Bisphenol A is a harmful chemical found in polycarbonate plastic which is used to make many popular baby bottles and sippy cups, among other things. Bisphenol A (BPA) is a chemical that mimics the action of the human hormone estrogen, which alters our body’s natural pattern. BPA can leach from polycarbonate plastic, usually a hard, clear plastic that is common of many products we use everyday. Effects at even low BPA exposure include prostate cancer, breast cancer, early puberty onset, alterations in gender-specific behavior, decreased sperm count, affects on fertility, behavioral effects including hyperactivity, increased aggressiveness, impaired learning and other changes in behavior, and other problems.

    Where is BPA found? Astonishingly, BPA is found everywhere making human exposure widespread.

    Baby bottles and sippy cups.
    AVOID bottles such as Dr. Brown’s, Avent, clear Evenflo, FirstYears, Platex VentAire, Sassy and TupperCare as they are all contain bisphenol A. On the sippy cup side, avoid Nuby cups with handles coming up from the bottom of the cup, Gerber Soft Starter, and Gerber Suzy’s Zoo & Sippy Snacker.

    BPA-free bottles and sippies flagged as safe include: glass bottles, Born-Free, Medela breastmilk storage bottles (made with polypropylene) and disposable bottle systems that have polyethylene plastic inserts. 

    And for sippies: Avent Magic Cup, Born-Free, FirstYears Take & Toss, Gerber Color Change, Munchkin Cupsicle, Sigg Baby Water Bottle, Playtex Sipster, and the new Boon Fluid Sippy cup. I also called Luv N Care, makers of the Nuby sippies. Their cups are made with #5 plastic except for the cup with the handles coming up from the bottom. The straw sipper’s sliding closure is also a polycarbonate piece, but since it is not touching liquid, it is considered safe. However, my daughter chews on this, so we will not be using this cup. There are many stainless steel varieties as well such as Kleen Kanteen and Thermos Foogo sippy cup, though these are much more expensive. Avoiding aluminum cups for your child would be recommended as aluminum has been linked to other health issues, including Alzheimer’s.

    If you must use a bottle/sippy made with BPA (which is probably rare), you should NEVER store milk in a container made with BPA, as the chemical could leach into the milk. You should also discard any bottles that are scratched, appear cloudy or generally have an altered appearance from their “new” look. Exposing to heat, harsh detergents (no dishwashers) and microwaving can cause leaching. Not sure how many infants want milk that is not warmed. (Of course this means warming the bottle in water, NOT in the microwave.) To me, it’s not worth the risk to use these products. Unfortunate since my daughter used Dr. Brown’s at daycare when I could not nurse her. But fortunately she was mostly nursed, so at least her exposure was limited.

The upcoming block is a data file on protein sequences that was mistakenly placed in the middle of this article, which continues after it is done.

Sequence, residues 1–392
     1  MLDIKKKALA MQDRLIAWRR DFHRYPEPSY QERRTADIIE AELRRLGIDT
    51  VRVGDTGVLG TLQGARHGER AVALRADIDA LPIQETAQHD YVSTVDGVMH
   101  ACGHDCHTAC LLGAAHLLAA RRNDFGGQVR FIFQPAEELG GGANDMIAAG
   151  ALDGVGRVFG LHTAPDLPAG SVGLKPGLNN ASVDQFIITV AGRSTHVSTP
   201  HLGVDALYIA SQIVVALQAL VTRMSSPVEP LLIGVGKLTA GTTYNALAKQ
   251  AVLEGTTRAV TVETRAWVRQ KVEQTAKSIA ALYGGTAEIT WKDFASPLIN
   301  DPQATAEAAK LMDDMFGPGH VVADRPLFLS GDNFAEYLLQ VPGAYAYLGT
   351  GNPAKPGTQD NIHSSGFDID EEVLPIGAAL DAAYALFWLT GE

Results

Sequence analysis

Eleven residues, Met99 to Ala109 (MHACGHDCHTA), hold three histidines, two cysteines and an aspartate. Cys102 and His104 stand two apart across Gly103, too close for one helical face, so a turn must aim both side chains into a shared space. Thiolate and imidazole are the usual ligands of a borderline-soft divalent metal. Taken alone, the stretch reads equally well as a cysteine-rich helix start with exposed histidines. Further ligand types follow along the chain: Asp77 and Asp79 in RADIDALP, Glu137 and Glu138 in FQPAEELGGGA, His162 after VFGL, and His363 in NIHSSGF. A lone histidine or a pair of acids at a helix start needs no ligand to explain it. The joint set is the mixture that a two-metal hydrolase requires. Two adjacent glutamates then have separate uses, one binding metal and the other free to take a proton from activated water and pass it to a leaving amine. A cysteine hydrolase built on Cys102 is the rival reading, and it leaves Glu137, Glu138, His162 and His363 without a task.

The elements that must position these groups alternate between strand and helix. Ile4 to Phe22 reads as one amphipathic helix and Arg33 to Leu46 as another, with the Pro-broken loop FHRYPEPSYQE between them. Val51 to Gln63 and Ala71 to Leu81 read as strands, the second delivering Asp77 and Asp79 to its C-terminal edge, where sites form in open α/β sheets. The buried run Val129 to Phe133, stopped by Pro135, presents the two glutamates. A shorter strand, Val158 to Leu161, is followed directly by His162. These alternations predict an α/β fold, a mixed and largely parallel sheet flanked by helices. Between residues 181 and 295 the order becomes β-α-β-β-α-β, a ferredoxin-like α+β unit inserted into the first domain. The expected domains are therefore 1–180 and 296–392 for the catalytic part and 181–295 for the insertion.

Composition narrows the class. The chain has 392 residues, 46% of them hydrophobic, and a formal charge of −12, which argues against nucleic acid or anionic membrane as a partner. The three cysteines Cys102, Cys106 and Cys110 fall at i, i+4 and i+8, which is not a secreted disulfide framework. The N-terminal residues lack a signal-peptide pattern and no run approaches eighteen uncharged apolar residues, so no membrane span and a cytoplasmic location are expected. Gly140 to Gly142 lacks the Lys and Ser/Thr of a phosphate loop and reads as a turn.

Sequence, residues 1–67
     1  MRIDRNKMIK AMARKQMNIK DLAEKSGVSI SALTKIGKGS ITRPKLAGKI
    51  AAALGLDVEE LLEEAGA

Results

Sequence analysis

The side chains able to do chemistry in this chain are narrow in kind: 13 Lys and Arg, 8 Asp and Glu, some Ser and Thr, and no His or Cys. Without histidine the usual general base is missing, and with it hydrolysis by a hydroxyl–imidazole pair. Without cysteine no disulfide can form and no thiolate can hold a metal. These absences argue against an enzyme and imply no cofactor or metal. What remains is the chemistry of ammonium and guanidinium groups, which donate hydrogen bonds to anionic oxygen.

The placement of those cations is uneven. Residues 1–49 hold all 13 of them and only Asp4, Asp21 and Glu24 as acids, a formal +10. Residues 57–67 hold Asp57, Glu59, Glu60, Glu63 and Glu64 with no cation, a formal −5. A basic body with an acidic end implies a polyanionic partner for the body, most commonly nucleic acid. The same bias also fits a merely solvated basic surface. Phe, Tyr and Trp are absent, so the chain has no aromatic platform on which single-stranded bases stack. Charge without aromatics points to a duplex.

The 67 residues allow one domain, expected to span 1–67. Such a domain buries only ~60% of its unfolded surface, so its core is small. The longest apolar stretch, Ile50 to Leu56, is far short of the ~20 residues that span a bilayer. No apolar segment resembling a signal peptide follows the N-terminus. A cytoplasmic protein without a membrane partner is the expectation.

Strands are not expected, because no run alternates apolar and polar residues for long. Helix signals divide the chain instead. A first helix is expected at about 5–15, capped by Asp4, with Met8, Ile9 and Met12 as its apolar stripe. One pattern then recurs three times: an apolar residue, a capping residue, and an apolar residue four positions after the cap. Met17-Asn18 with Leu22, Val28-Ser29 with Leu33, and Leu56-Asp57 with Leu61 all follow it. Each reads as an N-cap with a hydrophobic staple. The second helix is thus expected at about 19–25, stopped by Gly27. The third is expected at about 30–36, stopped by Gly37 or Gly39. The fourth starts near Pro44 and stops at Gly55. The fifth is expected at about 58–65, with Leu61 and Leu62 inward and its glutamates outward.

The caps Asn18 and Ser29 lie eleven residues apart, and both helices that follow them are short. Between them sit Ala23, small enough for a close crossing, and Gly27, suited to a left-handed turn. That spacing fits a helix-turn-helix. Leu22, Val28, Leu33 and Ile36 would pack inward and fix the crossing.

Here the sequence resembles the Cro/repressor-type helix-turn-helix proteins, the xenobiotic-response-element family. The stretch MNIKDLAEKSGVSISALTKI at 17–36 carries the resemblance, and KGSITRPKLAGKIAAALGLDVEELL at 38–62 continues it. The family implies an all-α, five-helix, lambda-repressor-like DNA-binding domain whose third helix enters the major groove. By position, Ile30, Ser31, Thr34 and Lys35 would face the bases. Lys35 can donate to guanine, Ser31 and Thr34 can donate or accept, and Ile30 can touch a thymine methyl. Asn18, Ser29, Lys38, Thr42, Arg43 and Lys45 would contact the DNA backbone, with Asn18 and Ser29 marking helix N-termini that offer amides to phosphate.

It’s in the lining of canned foods, where it appears to be the most common way to be exposed. BPA can leach into the food inside the can. It’s especially important to note that infants fed canned formula are at the greatest risk. Even fruit in plastic jars may be made with polycarbonate plastic, including the Dole variety. According to Dole, this is the only plastic that can withstand the heat, disturbing since heating polycarbonate plastic is how the BPA can leach into food.

    Plastic food containers. Not all containers are made with BPA, but all can leach harmful chemicals when not properly used. NEVER heat food in plastic containers of any kind (this does include Styrofoam containers). Always heat food in a microwave safe container, glass is best. I know you are thinking this is a pain, but so would chemotherapy. Given the choice, I wash the extra dish.

    There are 7 types of plastic. Look under most plastic products and in the recycle symbol, there should be a number that indicates the type of plastic it is made from. Numbers 5, 4, 1 and 2 are safe for food. 3, 6 and 7 are not, with 7 being BPA.

    Here is a great handout I found that explains the 7 types of plastic and goes into more detail about the 3 harmful ones you want to avoid. Attention bottled water drinkers, there is bad news here for you. Plastic water bottles are typically made from the harmful plastics.

    Another good resource is the bisphenol A portal. Has great info and links to a California environmental site. Noteably, California has banned the use of bishenol A in the making of products for children.

    It is also important to note that the studies that found these harmful effects were government funded. The industry-funded studies did not find any threat to humans (of course), so if you embark on your own search on bisphenol A, please make sure to note if the study was industry-funded. They have a way of hiding things to protect their bottom line. Searching for and manufacturing safer alternatives can be costly.